Santorini Fava with Lemon and Capers

In Greece, fava is a dearly beloved dish of puréed yellow split peas the most prized of which come from Santorini, an island that is also justly proud of its incredible tomatoes – check out my recipe for tomato keftedes – and its wine. You can thank the volcanic soil for that. Served at room temperature on a summer’s day alongside warm flatbreads and a bottle of bone dry white, this dip is a lovely alternative to hummus (which originates from the Middle East and not Greece). I think I actually prefer it.

Greek Fava

2 red onions, roughly chopped
2 cloves of garlic, chopped
1 litre of warm water
500g yellow split peas, well rinsed
Extra-virgin oil oil
2 tsp dried wild oregano
2 lemons, zested and juiced
2 tbsp capers, for serving
1red onion, very thinly sliced (optional)
Sea salt flakes and freshly ground mixed peppercorns

How I make it

Heat a large frying pan over a medium heat, add the oil and fry the onions and garlic until they are soft and sweet (around 15 minutes).

Add the water, dried peas, olive oil and oregano. Stir together, cover and allow to gently simmer for around 40-50 minutes – stirring occasionally and adding more warm water if you need to – until the peas are soft and creamy.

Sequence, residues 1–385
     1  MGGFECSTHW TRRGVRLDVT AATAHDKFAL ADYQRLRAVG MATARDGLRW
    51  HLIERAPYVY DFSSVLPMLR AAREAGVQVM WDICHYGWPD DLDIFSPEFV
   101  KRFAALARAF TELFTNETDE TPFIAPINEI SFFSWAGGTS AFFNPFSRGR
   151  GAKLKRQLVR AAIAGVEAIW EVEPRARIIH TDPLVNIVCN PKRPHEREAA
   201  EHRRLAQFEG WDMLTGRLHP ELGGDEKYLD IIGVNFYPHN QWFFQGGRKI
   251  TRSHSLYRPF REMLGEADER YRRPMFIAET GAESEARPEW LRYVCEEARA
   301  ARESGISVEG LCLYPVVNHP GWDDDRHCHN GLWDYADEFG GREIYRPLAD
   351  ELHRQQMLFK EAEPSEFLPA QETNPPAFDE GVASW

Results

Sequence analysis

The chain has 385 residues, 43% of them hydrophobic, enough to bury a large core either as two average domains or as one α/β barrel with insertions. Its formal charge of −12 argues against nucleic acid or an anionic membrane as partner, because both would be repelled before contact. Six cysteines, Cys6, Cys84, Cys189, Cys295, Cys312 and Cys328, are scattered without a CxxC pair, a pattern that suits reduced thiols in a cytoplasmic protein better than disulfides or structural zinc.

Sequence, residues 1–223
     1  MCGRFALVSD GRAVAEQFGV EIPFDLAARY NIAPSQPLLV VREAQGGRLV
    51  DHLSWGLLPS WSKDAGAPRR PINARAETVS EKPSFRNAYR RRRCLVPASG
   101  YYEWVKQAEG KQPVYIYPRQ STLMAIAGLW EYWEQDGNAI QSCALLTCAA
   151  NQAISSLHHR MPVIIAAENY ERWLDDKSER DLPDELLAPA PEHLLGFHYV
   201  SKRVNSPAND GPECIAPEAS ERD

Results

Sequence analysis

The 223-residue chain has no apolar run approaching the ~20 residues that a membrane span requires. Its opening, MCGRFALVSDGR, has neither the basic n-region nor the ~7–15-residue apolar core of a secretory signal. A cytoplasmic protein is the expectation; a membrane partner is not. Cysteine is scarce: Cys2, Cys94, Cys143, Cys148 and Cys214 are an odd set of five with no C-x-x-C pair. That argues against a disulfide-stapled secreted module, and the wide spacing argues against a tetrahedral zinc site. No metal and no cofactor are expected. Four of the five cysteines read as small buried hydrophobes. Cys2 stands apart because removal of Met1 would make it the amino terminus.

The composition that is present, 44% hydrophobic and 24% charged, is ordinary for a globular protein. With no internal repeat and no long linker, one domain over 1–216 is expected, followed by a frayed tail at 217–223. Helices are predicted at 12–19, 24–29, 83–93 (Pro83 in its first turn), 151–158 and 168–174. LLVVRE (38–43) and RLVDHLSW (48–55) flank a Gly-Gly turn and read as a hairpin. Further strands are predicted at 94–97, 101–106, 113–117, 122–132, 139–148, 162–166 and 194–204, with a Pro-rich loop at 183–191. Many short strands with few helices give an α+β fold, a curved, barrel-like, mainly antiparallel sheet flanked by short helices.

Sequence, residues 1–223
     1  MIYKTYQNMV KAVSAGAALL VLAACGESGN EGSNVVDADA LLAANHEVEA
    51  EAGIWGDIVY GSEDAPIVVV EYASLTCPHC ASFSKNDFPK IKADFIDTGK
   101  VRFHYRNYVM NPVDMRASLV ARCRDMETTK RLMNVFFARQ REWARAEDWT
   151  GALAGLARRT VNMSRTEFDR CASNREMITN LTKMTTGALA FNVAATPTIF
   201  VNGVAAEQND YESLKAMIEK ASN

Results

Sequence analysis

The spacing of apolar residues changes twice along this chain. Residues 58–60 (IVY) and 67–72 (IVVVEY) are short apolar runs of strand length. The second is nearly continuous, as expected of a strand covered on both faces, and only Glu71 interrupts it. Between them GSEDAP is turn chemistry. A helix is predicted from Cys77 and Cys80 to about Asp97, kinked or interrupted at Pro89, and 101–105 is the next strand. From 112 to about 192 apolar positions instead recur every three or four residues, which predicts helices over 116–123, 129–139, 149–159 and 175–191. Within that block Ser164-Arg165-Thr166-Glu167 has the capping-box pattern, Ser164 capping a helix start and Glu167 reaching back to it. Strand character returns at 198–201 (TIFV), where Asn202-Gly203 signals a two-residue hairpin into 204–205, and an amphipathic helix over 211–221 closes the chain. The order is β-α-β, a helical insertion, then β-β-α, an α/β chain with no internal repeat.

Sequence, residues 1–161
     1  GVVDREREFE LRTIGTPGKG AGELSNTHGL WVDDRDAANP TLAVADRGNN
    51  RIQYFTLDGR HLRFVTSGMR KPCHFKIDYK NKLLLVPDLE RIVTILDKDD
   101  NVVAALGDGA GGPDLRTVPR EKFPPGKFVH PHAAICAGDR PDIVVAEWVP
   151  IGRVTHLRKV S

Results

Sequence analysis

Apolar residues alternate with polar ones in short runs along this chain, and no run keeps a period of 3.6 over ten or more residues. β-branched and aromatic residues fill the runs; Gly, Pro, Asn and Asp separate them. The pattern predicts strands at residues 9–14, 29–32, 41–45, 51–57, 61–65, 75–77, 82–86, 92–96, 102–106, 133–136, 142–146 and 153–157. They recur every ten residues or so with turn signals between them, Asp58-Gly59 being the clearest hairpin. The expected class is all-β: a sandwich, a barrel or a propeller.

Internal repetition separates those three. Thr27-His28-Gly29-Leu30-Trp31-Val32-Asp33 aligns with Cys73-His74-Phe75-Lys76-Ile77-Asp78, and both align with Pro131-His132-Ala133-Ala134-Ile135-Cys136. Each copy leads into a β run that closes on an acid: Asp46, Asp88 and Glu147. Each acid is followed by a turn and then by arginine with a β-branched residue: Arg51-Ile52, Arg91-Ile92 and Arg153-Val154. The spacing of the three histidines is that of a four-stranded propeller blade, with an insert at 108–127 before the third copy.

Add the lemon juice and carefully transfer the mixture to a food processor. Whizz it up to a smooth and creamy texture. Season to your taste.

Serve with a drizzle of extra virgin olive oil and the capers – add some lemon zest too if it takes your fancy. During the cooler months, it is served warm topped with sliced red onion.

This will keep in the fridge for around a week, however, it tends to set so add a little warm water to loosen it up before serving.

2 Comments Add yours

Leave a Reply

Fill in your details below or click an icon to log in: Logo

You are commenting using your account. Log Out /  Change )

Twitter picture

You are commenting using your Twitter account. Log Out /  Change )

Facebook photo

You are commenting using your Facebook account. Log Out /  Change )

Connecting to %s

This site uses Akismet to reduce spam. Learn how your comment data is processed.